I want to be good and I suspect the same is true for you. Yet, despite my best intentions, I cannot live a perfect life. The deeper I get to know my Lord the more aware I am of my shortcomings. For this reason I find the concept of justification to be somewhat overwhelming. God in His profound holiness did not have to go to any length to rescue me from sin. He does not need me and most certainly I have offended Him time and again. Yet, inexplicably through His vast love, He chose a horrific path to blaze a terrific salvation.
Romans 3:22-24--But now, apart from the law, God’s righteousness has been revealed—attested by the Law and the Prophets—that is, God’s righteousness through faith in Jesus Christ, to all who believe, since there is no distinction. For all have sinned and fall short of the glory of God. They are justified freely by His grace through the redemption that is in Christ Jesus.
Justification is a fundamentally critical starting component of our salvation. Theologically, to be justified means to be freed of the guilt and penalty attached to our sin. Justification calls us good. Only God is capable of doing this because of His sovereignty and perfect nature. By His judicial act of pardoning us through the atoning sacrifice of Jesus on the cross, our estranged relationship with Him is bridged. By taking our sins upon Himself and defeating death, God’s perfect Son sacrificed His life to gain us the opportunity for salvation!
We cannot earn justification. We inherit a sin nature and we fulfill that nature by sinning. No matter how hard we try we break God’s laws. To simply say we love God, to be baptized, to attend a church, to keep the sacraments, or to be born into a Christian family is not enough—these do not make us righteous before our holy Magistrate. Just as a diseased person cannot be rid of cancer by doing good deeds, so our noble efforts cannot earn God’s pardon for our sin-condition. So how do we become justified?
The Holy Spirit inspired the Apostle Paul primarily in the book of Romans to teach us that justification originates with God’s grace and is appropriated by us through our faith in Jesus. Twenty-nine of the forty occurrences of the verb in the New Testament come from Paul. Justification contains within it forgiveness and precedes our moral transformation and sanctification (which is the process of our becoming holy). The result of justification is peace with God, adoption into His family, and the promise that we are given inherit eternal life with Him.
Like me, you may not feel worthy of justification. Yet, the great love that compelled God to pursue us ought to inspire us to pursue Him! True and certain faith in Jesus does not end with acceptance in what He did while we go on with our own pursuits, but rather a lifelong yearning to follow Him and in so doing to become like Him. Something to think about . . . in reveration!
God does not justify us because we are worthy, but by justifying us makes us worthy.—Thomas Watson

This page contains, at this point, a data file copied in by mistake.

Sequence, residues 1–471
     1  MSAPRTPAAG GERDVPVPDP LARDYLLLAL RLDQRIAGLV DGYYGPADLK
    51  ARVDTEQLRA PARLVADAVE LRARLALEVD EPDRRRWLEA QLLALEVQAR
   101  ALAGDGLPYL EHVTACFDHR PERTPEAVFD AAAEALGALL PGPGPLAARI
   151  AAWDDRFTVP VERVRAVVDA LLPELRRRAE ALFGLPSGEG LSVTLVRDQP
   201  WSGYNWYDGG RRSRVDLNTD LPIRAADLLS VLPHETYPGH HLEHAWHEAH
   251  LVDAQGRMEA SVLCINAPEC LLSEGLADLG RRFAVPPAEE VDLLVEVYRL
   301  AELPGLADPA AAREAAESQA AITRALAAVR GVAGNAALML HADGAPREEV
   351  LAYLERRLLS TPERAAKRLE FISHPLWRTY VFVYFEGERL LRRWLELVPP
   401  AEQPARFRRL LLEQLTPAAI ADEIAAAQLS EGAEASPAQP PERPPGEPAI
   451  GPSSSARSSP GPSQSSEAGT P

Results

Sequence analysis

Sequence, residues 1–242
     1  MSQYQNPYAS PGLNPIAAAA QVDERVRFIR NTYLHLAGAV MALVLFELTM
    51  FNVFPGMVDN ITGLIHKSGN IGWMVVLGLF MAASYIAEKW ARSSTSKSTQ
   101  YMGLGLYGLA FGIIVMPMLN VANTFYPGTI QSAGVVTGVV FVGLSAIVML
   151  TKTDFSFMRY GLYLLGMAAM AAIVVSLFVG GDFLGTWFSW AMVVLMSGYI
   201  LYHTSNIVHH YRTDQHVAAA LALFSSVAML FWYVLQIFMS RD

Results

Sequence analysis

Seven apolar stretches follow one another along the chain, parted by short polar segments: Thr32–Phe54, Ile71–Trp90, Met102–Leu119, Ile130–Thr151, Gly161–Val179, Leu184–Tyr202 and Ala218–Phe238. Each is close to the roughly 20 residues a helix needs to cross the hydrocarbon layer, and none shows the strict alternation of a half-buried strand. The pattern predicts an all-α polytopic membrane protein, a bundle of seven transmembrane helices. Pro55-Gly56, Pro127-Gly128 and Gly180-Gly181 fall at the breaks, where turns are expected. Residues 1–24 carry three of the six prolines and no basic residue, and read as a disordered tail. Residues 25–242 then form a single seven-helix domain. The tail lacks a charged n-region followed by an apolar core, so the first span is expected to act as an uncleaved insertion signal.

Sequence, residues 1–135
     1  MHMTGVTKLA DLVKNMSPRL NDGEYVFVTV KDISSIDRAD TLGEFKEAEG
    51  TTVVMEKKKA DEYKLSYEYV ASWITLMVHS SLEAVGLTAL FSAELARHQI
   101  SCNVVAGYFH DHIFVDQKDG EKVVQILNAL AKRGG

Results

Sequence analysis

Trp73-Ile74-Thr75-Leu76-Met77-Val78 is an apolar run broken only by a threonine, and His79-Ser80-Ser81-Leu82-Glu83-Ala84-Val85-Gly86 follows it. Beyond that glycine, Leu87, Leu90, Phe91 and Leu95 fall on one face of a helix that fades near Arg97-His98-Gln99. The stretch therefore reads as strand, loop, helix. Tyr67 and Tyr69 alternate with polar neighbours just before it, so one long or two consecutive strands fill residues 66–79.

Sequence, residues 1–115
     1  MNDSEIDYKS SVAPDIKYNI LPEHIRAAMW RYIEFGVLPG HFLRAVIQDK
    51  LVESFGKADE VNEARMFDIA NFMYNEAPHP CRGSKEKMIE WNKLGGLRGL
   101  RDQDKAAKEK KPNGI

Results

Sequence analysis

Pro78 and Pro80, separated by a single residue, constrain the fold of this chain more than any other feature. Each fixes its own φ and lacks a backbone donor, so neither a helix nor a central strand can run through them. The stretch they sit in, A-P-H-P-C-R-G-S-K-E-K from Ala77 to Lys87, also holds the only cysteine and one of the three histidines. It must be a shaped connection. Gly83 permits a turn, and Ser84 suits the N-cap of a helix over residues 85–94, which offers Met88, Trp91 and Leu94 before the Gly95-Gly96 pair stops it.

The doctrine of justification is the foundation that supports all of the other benefits we receive from Christ.—Erwin W. Lutzer
Scholars have debated for centuries as to whether justification (God's action in making persons righteous) refers primarily to one's new status in Christ—justification would thus mean the bestowal of a righteous status before God—or to one's new moral character in Christ—justification would then mean God’s action in one's life to enable a person to achieve high ethical standards. Protestant, and particularly Lutheran scholars, have argued that justification should be understood in the first sense and indicates God's acquitting or pronouncing the sinner righteous without any reference to moral change. Roman Catholic scholars have argued the opposite, holding that justification means God's making a person righteous or moral regeneration. In the heated debates over this issue, it has become clear that an undue stress on either alternative leads to a distorted view of Christianity. To stress justification as God's declaring the sinner righteous without regard to any subsequent change in the sinner's moral character is as wrong as to stress justification as moral achievement to the point that living by works overshadows living by faith. The best understanding of justification is one which includes both the new status of a person before God and the new life that this status demands.—Holman Bible Dictionary
"Forgive us our debts," that is justification; "Lead us not into temptation, but deliver us from evil," that is sanctification in its negative and positive forms.—Charles Spurgeon
Biblical References that Reveal Justification
Genesis 15:6; Psalm 32:2, 71:16, 89:16; Isaiah 42:21, 45:24-25, 46:12-13, 50:8, 51:5-6, 53:11, 54:17, 56:1, 61:10; Jeremiah 23:6; Habakkuk 2:4; Zechariah 3:4; John 5:24; Acts 13:39; Romans 1:16-17, 2:13, 3:21-22, 24-26, 28; 30, 4:3, 5-25, 5:1;9;11-21, 6:22, 7:1-25, 8:1,30-31,33-34, 9:30-32, 10:1-21; 1 Corinthians 1:30; 6:11; 2 Co 5:19; 21; Galatians 2:14-21, 3:6, 8-9, 11, 21-22, 24, 4:21-31, 5:4-6; Ephesians 6:14; Philippians 3:8-9; Colossians 2:13-14; Titus 3:7; Hebrews 11:4;7; James 2:20-23; 26
©2003 Daniel York ARR. Reveration is the weekly devotional ministry of First Cause. If you would like to receive these devotionals go to www.firstcause.org and click on the “Click here to receive weekly devotionals” box. Unlimited permission to copy this devotional without altering text or profiteering is allowed subject to inclusion of this copyright notice.
Ecclesiastes 12:10-The Teacher sought to find delightful sayings and to accurately write words of truth. (Holman CSB)